Rome is a truly exciting place. It is also a place of style. Everywhere we went people were well dressed and all the women were wearing boots. All manner of boots, heals, buckles, moccasin-like, suede, you name it, but boots were all around us. The shops along the Via Nazionale were filled with boots as well. I wanted a pair in the worst way. Of course I could wear them all the time, not with all the walking we were doing before I got use to them, but still I had to have a pair. So on Friday, the day before we left Rome we went boot shopping with great success. Now I’m one with them!
Walking is what we’ve been doing since we got here. Each day we started with a Taxi ride to our first destination and then walked to the next and back to the hotel. The Borghese Gallery was the first stop and then we walked across the park to the Modern Art Museum. The Borghese was wonderful, we went on a guided tour with a young Italian man who was an art historian. He was also a big fan of Bernini, which made his tour all the better. He believed that Bernini and not Michaelangelo was the greatest sculptor, very interesting. The gallery was built by the Borghese family as a place to show their art collection, makes sense when you have a collection like that.
The next stop was the Museum of Modern Art. That was less than terrific. There were only Italian artists there, I was hoping for a Monet or Van Gogh, but no such luck. There were some very nice paintings but all in all not all that exciting. But this is where this became “stair day”. The Borghese had a winding staircase to the second floor which went on forever, and with our guide being a spry young man practically ran up them. He did give us time to rest at the top though. The Modern Art Museum had a grand staircase as well. It seemed every corner we turned around there was another grand staircase.
Our walking tour of Rome then took us through the park in yet another direction. This time when we exited the park, we were at the Plaza dei Popoulo. By now it had begun to drizzle. Umbrellas sprouted up everywhere. While we each had a fold up umbrella, they were back at the hotel room since the weather report didn’t call for rain. Street vendors were at the ready offering to sell an umbrella to anyone without one. So, in the hopes it was a passing shower we stopped in a cafe on the plaza and had some soup and cappacino. It hit the spot and the rain had eased up. That is until we started out to continue walking. It was then that it hit me, I had been wanting to do a painting of people walking in the rain with umbrellas. I started taking lots of pictures. What could be better than having my street scene of people with umbrellas than it being of Rome?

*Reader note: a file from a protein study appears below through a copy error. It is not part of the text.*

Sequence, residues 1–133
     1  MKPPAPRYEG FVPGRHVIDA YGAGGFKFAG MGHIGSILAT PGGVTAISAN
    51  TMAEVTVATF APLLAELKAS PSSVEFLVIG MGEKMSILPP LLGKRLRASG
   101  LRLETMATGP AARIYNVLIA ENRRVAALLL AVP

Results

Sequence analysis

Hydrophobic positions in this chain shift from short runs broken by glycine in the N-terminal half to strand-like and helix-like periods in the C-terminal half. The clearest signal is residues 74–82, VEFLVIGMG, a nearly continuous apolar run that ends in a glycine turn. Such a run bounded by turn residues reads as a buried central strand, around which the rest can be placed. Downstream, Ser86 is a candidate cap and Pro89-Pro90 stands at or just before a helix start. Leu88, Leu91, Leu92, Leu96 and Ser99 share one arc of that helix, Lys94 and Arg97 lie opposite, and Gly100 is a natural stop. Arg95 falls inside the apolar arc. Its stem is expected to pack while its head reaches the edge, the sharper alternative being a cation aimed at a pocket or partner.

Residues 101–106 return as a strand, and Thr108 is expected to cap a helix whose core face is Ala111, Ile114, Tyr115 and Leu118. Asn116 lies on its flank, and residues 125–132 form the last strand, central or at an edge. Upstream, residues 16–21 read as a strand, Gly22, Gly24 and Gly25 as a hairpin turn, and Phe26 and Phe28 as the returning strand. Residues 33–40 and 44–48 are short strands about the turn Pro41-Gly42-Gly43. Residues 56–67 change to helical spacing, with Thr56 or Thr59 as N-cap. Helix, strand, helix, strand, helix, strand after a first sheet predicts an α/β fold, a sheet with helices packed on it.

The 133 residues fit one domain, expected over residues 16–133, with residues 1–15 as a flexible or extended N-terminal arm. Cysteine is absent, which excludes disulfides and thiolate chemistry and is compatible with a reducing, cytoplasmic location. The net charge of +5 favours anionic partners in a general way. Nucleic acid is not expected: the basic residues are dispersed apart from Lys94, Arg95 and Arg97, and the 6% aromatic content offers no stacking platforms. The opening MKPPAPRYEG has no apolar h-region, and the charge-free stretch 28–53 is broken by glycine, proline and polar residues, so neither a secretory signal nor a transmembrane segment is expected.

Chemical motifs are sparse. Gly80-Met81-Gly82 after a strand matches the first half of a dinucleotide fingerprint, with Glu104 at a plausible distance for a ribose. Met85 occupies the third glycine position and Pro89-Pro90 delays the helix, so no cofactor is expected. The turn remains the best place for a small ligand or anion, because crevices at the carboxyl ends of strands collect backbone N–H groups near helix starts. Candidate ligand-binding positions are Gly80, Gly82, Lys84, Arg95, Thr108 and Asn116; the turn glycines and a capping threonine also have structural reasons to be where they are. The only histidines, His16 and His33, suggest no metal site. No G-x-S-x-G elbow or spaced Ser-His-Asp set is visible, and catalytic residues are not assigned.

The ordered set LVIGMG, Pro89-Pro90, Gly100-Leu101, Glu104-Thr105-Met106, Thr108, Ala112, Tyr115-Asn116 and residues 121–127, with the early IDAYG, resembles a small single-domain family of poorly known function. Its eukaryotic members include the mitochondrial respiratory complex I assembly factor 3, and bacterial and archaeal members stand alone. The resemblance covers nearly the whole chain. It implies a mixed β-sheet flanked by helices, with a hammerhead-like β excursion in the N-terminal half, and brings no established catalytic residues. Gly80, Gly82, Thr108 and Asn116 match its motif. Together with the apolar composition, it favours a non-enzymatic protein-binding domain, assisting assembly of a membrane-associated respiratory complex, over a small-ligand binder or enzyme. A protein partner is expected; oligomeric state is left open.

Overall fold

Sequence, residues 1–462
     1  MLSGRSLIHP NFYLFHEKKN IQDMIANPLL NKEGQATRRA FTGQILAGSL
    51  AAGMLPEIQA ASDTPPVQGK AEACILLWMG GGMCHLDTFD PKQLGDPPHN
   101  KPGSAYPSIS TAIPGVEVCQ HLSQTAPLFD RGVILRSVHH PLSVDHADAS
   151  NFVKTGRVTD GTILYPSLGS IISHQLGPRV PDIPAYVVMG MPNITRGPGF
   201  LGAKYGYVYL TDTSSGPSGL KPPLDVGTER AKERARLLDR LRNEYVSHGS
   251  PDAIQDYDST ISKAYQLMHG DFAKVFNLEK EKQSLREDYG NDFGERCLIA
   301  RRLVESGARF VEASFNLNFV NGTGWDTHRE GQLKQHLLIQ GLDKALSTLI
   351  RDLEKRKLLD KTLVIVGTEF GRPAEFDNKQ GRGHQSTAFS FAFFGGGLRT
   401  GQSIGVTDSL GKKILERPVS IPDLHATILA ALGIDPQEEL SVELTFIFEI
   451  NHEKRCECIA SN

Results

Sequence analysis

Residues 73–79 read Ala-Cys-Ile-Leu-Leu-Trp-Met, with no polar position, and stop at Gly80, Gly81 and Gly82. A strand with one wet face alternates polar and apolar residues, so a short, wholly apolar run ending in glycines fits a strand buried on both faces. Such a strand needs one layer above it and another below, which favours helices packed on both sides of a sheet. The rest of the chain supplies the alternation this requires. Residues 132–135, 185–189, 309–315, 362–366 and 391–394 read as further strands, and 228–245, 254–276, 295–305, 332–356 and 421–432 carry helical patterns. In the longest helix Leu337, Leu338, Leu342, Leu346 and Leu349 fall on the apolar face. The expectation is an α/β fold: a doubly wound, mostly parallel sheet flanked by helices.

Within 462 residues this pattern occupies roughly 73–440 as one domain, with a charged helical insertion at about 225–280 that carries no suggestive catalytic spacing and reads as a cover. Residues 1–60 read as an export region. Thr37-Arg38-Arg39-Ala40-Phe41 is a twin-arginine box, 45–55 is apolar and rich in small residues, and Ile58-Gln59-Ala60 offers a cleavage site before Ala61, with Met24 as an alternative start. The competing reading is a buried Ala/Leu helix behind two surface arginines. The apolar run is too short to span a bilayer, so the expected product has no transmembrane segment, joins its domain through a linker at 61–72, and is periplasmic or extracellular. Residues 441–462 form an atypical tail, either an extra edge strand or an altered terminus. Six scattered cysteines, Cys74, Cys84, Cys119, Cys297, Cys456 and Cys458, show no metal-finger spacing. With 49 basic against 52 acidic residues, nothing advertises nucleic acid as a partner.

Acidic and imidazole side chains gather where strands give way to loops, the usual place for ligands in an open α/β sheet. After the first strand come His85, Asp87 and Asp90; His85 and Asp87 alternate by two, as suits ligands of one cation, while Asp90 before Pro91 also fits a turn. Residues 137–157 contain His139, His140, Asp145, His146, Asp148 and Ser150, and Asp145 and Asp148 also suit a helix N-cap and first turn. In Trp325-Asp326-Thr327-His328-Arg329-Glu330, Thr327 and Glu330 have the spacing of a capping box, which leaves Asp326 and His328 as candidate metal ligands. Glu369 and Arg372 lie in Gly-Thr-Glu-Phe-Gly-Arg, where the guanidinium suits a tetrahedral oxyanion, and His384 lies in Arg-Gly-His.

As we continued on we came to another church to visit. There were so many old churches with artwork throughout that it was hard to keep track of them all. It was also another way to get out of the rain. When we emerged from the church, there seemed to be a break in the clouds so off we went, walking a little farther, not exactly sure where we were going, but in the general direction of more sites. Then we saw another plaza and headed down a side road towards it. Yup, we were now at the Spanish Steps, and no we did not climb all the way up. We took pictures and continued on our way. We did consult a map now and again but there seems to be no rhyme or reason to the roads here. They change name and bend and turn in ways that boggle the mind. Couple that with the fact that crossing the street can be a death defying act and we did feel like we were flying on a wing and a prayer. But once again we turned a corner and came upon another stunning sight – the Trevi fountain. We threw our coins into the fountain and continued on. This time our hotel was our destination. Trying to get to the Pantheon was a thought that had to wait for another day. The next day was going to be the Vatican however, so maybe we can get there after that.
Indeed the next day we took a cab to the Vatican in the morning. We had tickets for 10:30 to go to the museums – which meant, the Sistine Chapel. St. Peter’s Plaza was busy with workers taking down the Christmas tree and nativity scene.